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American Idol Recap: Paul F. Tompkins on Contestant Impersonation Night

All right! Back home, on my own couch, eating American snacks, and watching television on a television! Even though I’m watching American Idol on that television, I am still happy!

We open with a montage of the contestants’ first auditions, and everyone, including the judges, looks 25 years younger. These auditions took place mere months ago. I quickly run to the mirror. I do not recognize the wizened old man who stares back at me. The judges are introduced, and as they enter we see that Steven Tyler has a gigantic lipstick imprint on his face. I find this immediately and intensely tiresome.

The theme this week is “The Music of the 21st Century,” so get ready to hear some songs you have only very recently grown tired of. The strains of Pink’s “So What” (see?) are heard, and wait, what’s this? Naima, Ashthon, MySpace’s Karen Rodriguez, Thia, and Pia have returned from the television dead to sing a song that is out of their collective comfort zone. It builds to a climax, and out steps … Paul. Oddly, Paul does not help the situation. Hey, Paul, we don’t need your assistance to make this cover sloppy and rushed! Sisters are doing it for themselves. Hey, it’s a little taste of the summer tour, everybody! That tour is still happening!

With … that dispensed with, we can concentrate on the contestants whom the audience has yet to telephonically ostracize. First: Scotty. There’s a little package about him where the rest of the gang makes sport of Scotty’s Über-annoying microphone technique. They all hold the mike at that weird 90 degree angle, like it’s a flute. Accurate, but they miss what is to me the most annoying detail: It’s not just the angle at which Scotty holds the mike, it’s also how gingerly he cradles it, as if the microphone is fresh from the oven. Scotty’s 21st-century song will be “Swingin’,” a song from 1982 that LeAnn Rimes covered in 2010. I hate loophole covers. Jimmy Iovine waxes Iovineic on this song choice: “Scotty is doing what he does because that’s what he does, but what happens on a show like this is, people can become complacent. And that’s a little bit of a danger — not Scotty, but the audience.” I don’t know if Jimmy doesn’t know what “complacent” means or if he suddenly decided to get super-honest about what is going on with this show, because that is exactly what has happened. The song begins and it’s just like every Scotty performance we’ve ever seen or ever will see. The only thing that comes close to a moment during the song is when Scotty drops down an octave on the second verse. He has no comprehension of performance dynamics, so one of two things happened: Either no one talked him out of this drop, or they actually instructed him to do it. I would think it’s pretty basic that as a song progresses, going from lower to higher adds energy to a performance, and going from higher to lower might have the opposite effect. If only my theory had been put to the test two seconds ago.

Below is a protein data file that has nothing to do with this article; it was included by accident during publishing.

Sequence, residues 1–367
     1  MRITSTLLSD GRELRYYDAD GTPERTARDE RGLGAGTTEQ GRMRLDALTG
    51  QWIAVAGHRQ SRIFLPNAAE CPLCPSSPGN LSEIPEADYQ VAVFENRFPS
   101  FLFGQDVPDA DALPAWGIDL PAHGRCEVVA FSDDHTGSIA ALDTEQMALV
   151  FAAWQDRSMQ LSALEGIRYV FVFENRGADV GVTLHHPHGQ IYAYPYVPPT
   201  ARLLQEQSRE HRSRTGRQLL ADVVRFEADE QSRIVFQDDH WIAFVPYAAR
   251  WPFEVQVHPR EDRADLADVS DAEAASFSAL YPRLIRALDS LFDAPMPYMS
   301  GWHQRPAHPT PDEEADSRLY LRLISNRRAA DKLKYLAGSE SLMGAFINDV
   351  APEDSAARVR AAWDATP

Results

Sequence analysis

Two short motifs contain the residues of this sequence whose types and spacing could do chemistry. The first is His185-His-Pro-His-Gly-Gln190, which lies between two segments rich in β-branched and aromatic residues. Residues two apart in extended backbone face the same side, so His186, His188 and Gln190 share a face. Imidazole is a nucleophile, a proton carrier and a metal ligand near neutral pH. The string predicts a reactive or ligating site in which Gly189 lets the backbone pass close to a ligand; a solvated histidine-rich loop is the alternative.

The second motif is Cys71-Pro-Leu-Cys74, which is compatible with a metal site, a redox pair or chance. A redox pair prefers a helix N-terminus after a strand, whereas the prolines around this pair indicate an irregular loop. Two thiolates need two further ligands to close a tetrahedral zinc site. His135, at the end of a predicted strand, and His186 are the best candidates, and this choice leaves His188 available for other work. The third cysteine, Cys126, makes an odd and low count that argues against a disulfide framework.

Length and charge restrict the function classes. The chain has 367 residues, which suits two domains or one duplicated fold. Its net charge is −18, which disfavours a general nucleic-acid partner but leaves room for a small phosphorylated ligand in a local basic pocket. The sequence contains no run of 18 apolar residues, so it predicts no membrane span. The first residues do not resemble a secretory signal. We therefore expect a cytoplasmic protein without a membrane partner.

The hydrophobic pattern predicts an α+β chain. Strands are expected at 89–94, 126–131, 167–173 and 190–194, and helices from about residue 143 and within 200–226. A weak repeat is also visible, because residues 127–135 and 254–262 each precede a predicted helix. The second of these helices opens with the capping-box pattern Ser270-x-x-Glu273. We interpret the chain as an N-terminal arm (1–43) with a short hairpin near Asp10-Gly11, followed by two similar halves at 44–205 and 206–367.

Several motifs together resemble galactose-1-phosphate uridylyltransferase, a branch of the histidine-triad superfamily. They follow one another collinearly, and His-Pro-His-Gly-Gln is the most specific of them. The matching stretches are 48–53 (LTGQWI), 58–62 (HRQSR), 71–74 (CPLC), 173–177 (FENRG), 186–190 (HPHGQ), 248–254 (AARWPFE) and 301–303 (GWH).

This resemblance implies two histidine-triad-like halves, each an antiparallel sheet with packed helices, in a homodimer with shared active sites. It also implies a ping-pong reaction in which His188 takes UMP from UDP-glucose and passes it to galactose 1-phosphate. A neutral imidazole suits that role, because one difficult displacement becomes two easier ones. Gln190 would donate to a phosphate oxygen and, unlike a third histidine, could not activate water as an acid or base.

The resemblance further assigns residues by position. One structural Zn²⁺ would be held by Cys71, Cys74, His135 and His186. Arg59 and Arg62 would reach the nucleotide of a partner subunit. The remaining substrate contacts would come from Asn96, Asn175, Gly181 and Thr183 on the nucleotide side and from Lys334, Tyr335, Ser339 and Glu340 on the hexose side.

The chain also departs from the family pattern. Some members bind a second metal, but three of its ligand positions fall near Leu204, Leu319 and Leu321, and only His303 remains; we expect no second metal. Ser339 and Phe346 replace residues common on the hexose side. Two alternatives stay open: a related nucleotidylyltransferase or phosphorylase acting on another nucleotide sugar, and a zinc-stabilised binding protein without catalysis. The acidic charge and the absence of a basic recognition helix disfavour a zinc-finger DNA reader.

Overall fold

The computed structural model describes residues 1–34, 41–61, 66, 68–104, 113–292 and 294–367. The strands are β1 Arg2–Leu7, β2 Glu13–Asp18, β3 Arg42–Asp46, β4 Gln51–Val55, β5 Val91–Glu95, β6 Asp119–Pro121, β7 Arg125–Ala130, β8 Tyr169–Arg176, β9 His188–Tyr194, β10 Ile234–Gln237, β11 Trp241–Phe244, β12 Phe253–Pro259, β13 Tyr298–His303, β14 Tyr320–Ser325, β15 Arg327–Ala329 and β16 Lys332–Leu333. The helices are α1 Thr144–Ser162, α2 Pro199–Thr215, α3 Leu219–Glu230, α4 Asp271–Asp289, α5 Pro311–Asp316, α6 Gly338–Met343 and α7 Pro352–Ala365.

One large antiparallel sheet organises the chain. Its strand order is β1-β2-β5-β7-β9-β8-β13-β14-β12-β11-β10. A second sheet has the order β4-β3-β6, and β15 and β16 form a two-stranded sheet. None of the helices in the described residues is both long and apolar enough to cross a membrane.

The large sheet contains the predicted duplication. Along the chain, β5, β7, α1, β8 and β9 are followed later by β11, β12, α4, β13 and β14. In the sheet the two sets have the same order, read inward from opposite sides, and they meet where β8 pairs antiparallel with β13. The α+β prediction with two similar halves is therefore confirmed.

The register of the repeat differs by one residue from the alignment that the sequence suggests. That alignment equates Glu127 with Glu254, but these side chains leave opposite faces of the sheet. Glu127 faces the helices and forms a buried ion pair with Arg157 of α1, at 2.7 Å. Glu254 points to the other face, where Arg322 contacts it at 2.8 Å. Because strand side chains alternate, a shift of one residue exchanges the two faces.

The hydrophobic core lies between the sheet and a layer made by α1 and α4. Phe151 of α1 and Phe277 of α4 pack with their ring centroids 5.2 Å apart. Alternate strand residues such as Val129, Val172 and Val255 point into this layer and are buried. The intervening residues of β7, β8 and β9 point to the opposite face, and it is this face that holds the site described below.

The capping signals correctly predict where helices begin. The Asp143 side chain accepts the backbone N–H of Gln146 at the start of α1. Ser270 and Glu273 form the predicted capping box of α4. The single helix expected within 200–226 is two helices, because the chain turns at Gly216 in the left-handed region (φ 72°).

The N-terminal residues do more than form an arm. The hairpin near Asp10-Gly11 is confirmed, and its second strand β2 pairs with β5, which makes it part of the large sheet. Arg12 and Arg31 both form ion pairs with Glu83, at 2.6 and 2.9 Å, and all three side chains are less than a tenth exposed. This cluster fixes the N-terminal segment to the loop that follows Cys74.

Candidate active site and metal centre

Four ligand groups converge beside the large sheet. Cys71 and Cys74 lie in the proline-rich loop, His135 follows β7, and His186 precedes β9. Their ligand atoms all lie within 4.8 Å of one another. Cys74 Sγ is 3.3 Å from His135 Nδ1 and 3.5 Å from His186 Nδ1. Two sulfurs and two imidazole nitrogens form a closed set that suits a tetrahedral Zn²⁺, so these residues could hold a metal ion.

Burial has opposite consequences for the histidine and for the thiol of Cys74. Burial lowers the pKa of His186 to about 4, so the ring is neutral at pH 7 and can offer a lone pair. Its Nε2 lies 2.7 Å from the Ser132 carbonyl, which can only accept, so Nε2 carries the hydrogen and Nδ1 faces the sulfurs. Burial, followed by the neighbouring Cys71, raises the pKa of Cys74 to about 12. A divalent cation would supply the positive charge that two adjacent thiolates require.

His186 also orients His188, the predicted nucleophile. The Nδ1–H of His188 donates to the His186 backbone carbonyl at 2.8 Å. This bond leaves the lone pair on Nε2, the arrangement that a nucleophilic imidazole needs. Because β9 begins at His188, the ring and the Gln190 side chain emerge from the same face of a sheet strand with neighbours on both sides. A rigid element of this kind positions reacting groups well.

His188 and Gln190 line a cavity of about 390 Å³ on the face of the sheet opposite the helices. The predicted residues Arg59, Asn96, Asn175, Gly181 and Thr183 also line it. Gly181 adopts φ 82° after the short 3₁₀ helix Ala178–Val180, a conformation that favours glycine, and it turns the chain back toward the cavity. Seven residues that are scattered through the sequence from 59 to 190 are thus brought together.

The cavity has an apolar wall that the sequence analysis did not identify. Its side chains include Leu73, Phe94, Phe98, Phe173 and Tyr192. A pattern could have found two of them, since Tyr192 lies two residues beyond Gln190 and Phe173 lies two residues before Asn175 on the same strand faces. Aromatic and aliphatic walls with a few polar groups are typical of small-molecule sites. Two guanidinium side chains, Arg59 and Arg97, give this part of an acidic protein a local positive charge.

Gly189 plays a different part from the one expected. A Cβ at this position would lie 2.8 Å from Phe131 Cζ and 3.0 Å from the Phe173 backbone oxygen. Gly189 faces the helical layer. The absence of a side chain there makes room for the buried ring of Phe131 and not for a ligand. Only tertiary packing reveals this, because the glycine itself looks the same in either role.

JUDGES: Steven likes it! J.Lo loves Scotty’s storytelling quality but thinks Jimmy might be on to something when he encouraged Scotty to push out of his comfort zone. Randy says it was actually kinda boring and Scotty’s song choice could have been better.
ME: These people have one hell of a nerve. They have let this kid do the same thing week in and week out and have told him all along not to change a thing. I did not imagine this. What is the point of the judges at this stage? Maybe they shouldn’t have stuck around once America started voting. Let Ryan introduce stuff and cut 45 minutes out of this bloated karaoke contest. I am actually kind of angry.

Under the watchful eye of Coca-Cola, Ryan intros James, who is dressed like a hesher from The Matrix. In James’s Idol-pals-giving-him-the-business package, everyone pokes fun at James’s scarf tails.“Hey, James, your baby told me he wished you really did have a tail, because maybe then you’d be hunting down some food for him to eat,” nobody jokes, but I wish they would have. James will sing “Uprising” by Muse to show he’s contemporary. Was that an issue? Has anyone complained that James is too old-fashioned? As with Scotty, the judges have encouraged James to keep doing what he’s been doing, and people are voting for him, so why are we bothering with this pretense that he needs to show anyone anything? The song opens with a marching band drum squad — hey, has anyone ever done anything like this before? Anyone at all? It seems too inspired an innovation to be happening for the first time. I expect a lot of people will steal this idea, so I hope James mailed it to himself! For his performance, James has added a jacket that brings to mind Jack Skellington at Valley Forge. James, who knows how to add some dynamism to a song, lets his voice soar higher and higher and higher and fucking STOP IT!